Pro-democracy protesters hauled a four-metre statue known as “Lady Liberty” to the top of a famous Hong Kong mountain early Sunday, announcing the peak would be its “final resting place”.
The statue depicts a female protester in a gas mask, protective goggles and helmet, an umbrella in one hand and a black flag in the other, proclaiming the protest slogan “Liberate Hong Kong, revolution of our times”.
It was a regular feature at larger, more peaceful rallies this summer, eliciting cheers when it was wheeled in by volunteers and transported around the city on the back of a truck.
But on Sunday organisers said Lady Liberty had made her final journey as they unveiled her at the top of Lion Rock, a 495-metre peak overlooking a forest of skyscrapers, intimately linked to the city’s democracy movement.
Alex, a 32-year-old protester who created the statue, said volunteers used the cover of night to carry the 80 kilogram (180 pound) artwork up the steep path to the summit.
“We had a team of 16 climbing professionals carrying her in two main pieces all the way to the summit while another 16 members carried equipment and supplies,” he told AFP, only giving his first name.
“Lion Rock will be the final resting place of the Lady Liberty of Hong Kong,” the team said in a statement, adding it would be up to authorities to remove it.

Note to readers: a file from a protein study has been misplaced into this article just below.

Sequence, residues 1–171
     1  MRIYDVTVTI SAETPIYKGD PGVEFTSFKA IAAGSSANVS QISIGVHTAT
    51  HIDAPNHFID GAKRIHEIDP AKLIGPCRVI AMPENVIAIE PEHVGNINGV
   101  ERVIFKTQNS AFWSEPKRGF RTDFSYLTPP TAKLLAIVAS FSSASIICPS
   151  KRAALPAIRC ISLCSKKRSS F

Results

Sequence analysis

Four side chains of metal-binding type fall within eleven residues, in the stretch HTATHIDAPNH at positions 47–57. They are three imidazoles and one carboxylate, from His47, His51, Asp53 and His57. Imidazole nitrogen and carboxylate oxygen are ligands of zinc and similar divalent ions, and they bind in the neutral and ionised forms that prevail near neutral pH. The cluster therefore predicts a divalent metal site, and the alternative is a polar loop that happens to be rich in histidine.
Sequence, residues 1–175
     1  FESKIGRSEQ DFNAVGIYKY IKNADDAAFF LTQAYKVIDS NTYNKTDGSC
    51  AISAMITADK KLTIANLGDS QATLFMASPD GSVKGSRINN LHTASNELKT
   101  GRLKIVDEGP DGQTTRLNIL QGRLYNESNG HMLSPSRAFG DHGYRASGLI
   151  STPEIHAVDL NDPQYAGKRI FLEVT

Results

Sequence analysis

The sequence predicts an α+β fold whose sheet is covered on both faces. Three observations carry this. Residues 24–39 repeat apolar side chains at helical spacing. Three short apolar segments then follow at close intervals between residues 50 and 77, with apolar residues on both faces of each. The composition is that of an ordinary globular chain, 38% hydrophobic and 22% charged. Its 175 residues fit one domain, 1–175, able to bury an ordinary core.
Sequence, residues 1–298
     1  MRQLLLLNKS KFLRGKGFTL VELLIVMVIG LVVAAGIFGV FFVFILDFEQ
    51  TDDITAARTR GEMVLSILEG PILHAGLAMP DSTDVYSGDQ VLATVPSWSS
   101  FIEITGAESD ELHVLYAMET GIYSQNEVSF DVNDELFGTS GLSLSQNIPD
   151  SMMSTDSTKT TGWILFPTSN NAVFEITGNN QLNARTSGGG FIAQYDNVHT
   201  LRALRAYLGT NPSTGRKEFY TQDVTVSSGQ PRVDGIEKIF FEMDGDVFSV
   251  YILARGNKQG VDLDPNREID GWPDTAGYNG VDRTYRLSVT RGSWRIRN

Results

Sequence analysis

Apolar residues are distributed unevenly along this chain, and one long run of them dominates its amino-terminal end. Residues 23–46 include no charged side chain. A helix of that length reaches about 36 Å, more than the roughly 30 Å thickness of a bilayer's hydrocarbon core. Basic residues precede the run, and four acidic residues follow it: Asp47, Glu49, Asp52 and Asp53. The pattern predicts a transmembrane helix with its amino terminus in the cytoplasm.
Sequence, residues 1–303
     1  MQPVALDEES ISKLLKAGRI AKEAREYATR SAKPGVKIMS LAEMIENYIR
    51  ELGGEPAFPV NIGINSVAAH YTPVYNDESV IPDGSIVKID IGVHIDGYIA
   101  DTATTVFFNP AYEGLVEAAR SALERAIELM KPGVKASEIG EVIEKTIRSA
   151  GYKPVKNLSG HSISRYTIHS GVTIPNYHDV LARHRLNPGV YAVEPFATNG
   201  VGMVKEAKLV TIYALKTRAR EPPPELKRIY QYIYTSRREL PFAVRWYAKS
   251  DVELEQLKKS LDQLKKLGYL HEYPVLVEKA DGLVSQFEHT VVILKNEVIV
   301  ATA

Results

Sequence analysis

Named because its shape resembles the big cat, Lion Rock has been a symbol of Hong Kong’s pro-democracy movement for years with large banners demanding freedoms or criticising Beijing frequently unfurled by hardy protesters.
‘Lion Rock Spirit’
“Lion Rock Spirit” is used by Hong Kongers to summarise the city’s can-do attitude — as well as its reputation for liberty compared to the authoritarian mainland.
The mountain overlooks Kowloon’s densely packed working-class districts where many escaping communist China during the worst excesses of the Mao-era first settled.
During 2014’s large pro-democracy protests, demonstrators unfurled a huge yellow banner down one of the rock’s cliff faces, linking the mountainside to modern-day acts of civil disobedience.
In September, during a mid-Autumn festival, hundreds of protesters gathered on Lion Rock and other peaks surrounding the city shining laser pens and lanterns.
Alex, Lady Liberty’s creator, said it was inspired by the “Goddess of Democracy” statue that pro-democracy protesters erected in 1989 inside Tiananmen Square before China crushed the movement.
A version of the Goddess of Democracy is a feature of the annual 4 June Tiananmen vigils in Hong Kong, the only place in China where commemorations of the crackdown can still be held.
But with the international finance hub rocked by its own unprecedented protests aimed at halting sliding freedoms under Beijing’s rule, activists wanted to create a Hong Kong version of the Goddess of Democracy.
Much like the protests themselves — which are leaderless and organised online — the design for Lady Liberty was crowd-sourced.
“We invited design proposals on LIHKG, organised a universal vote asking people to pick their favourite design,” Alex said, referencing the most popular forum for Hong Kong protesters.
Asked why they had chosen Lion Rock to be the statue’s final journey, he said it was “a symbolic gesture to infuse a refreshed mindset for the fight for democracy”.
The mountain and the statue, he added, represented “the fundamental values and beliefs” of the protest movement.